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Gaslighting, what next?

(6 Posts)
appletarts Mon 22-Apr-13 10:32:07

I have realised with overwhelming relief that my sister has been gaslighting me for years. Finally I know my instincts were right and I've been claiming back my feelings and my reality after her telling me for 20 years what I feel, think, must do next etc and becoming rageful and punishing if I have any identity of my own. Situation at present is there has been a big bust up and I can comfortably leave it there and go nc. BUT her son has kids the same age as my kids and although she has tried her best to destroy all these relationships, her son is not bold enough to keep relationships with us going unless she is in the picture. She had begun to mess about between me and my kids and that's why I can now go nc, suddenly feels easy. However, what about all the kids and my nephew? I have an image of my family tree trying to flower and none of us can get op and have relationships with her poisoning things all the time, so I'd like to cut her out like dead wood but I don't think her son will see it that way, after all she is his mother and he has lots of fear, his wife is not much better. Do I keep polite contact with her and essentially ignore her to keep the relationships going with everyone or tell nephew that when he can come alone with kids/wife etc then we'd love to see them. TBH I can't stand the sight of her but her power over me has just vanished. What did you do with the gaslighting relationship once you realised what was happening? Oh and she is very very cruel in words and actions.

CogitoErgoSometimes Mon 22-Apr-13 10:42:42

How old are the children? Generally you can't have a relationship with her children and not her. However horrible she is, you can't realistically ask her children to divide their loyalties and choose their aunt over their mother any more than you'd be happy for someone to do that with your own DCs. Keep up with the social norms e.g. sending birthday cards for the kids etc., and maybe they'll want to contact you when they are old enough to make that decision. But, until that point, I think losing the nephews/neices has to be treated as 'collateral damage' of getting your peace of mind.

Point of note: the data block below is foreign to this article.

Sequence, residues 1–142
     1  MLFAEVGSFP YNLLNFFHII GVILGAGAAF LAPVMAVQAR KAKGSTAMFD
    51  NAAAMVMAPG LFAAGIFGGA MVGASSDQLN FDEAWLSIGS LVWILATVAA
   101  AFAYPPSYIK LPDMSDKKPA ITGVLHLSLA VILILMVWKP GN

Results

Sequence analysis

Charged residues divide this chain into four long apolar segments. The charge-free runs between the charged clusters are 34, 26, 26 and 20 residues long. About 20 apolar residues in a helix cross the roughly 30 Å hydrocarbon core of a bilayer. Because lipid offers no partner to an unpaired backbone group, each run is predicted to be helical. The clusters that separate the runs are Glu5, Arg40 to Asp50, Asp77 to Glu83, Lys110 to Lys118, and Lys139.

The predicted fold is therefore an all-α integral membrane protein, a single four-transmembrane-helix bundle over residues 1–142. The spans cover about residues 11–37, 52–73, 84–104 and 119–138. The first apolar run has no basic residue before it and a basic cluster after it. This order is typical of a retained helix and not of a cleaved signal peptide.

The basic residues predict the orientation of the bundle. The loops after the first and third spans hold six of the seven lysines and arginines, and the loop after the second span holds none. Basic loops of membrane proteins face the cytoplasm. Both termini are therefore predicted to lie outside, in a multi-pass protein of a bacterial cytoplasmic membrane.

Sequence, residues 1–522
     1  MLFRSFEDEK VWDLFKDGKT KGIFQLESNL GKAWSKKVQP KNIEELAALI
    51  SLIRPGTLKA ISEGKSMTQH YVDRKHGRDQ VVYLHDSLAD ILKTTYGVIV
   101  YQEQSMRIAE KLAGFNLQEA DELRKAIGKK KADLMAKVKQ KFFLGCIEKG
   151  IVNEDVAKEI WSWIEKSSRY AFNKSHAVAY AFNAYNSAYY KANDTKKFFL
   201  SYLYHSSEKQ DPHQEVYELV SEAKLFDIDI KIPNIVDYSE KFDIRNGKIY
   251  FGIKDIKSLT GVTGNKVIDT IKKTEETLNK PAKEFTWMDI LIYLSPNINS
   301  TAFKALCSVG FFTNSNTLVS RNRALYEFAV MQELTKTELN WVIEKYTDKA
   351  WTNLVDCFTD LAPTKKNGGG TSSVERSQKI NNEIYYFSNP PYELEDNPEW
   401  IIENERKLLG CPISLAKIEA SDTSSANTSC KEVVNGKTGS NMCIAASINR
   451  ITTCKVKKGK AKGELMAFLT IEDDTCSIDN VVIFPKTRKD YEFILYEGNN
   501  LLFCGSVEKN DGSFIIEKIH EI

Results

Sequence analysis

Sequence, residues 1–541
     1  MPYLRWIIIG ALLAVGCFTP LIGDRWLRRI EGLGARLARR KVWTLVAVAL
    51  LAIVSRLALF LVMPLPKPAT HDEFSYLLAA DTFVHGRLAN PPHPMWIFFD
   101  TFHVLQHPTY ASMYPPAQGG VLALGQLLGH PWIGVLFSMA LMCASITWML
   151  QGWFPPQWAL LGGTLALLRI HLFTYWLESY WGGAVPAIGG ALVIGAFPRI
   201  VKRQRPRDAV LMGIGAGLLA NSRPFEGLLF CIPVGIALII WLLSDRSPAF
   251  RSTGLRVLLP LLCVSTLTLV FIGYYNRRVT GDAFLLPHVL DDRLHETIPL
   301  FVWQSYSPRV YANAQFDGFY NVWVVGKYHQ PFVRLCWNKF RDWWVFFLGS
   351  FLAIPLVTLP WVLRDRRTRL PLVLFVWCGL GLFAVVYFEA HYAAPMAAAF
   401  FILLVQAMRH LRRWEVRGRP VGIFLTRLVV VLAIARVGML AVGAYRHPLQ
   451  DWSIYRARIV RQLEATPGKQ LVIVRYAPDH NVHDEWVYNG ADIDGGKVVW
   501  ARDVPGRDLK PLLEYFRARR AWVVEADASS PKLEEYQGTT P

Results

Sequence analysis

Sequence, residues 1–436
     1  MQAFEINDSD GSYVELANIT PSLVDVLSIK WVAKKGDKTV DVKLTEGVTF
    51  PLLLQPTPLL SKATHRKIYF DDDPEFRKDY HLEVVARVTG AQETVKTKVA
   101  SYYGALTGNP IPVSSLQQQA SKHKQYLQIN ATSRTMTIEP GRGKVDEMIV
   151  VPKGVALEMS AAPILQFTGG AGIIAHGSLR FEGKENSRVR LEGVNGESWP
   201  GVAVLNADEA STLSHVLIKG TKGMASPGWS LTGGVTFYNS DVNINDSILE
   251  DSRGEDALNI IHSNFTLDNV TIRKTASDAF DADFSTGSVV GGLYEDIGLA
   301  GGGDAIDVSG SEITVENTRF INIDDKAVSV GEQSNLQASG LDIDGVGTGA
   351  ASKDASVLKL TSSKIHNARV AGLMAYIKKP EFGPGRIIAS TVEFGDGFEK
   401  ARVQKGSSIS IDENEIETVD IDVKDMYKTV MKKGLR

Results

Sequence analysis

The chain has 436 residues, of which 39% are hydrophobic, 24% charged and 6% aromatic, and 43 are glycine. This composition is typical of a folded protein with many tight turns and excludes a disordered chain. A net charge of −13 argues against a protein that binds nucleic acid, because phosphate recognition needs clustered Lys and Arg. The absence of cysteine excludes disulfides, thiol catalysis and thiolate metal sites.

appletarts Mon 22-Apr-13 10:52:39

Her son is 25. I'm referring to his kids and my kids who are little. He lives away and sees us when he comes home to see her. I can appreciate how he might feel divided and compromised if I ask that he comes alone to see us, without his mother. But then again he is a grown up and these things happen in families sometimes.

CogitoErgoSometimes Mon 22-Apr-13 10:59:55

If he's 25 he can decide for himself if he wants to stay in touch but don't be suprised if he drops contact.

AttilaTheMeerkat Mon 22-Apr-13 11:03:40

He may well drop all contact because like many children of such toxic parents he has FOG in spades; fear, obligation, guilt. He may also always want to seek his mother's approval, approval that she will never give by the way.

You cannot on one hand keep polite contact whilst on the other ignoring her; that is never going to work out for you. Going nc in your case is a perfectly reasonable option, toxic people do often start on the children of whom they see as "errant" offspring anyway. Also this woman brings nothing at all positive into your life let alone your own childrens in any event.

Have you ever read up on narcissistic personality disorder with regards to your sister?.

CaptChaos Mon 22-Apr-13 11:53:29

If your nephew is 25 he can make his own decisions, however, I wouldn't hold your breath.

If your sister is as toxic as you say (and I don't doubt she is for a second), then she will have irrational dislikes and take against people randomly. Your nephew will have lived with her doing this all his life, one minute someone is her BFF and the next they are the devil. One of the coping strategies you quickly learn is to go along with these irrational hatreds, even feed them, because it takes the spotlight off you and your 'shortcomings'. It is all part of the FOG.

It's a shame that you might lose contact with someone you care about while going NC with a toxic family member, but in the end you have a responsibility to protect yourself and your children from all the awfulness which surrounds them.

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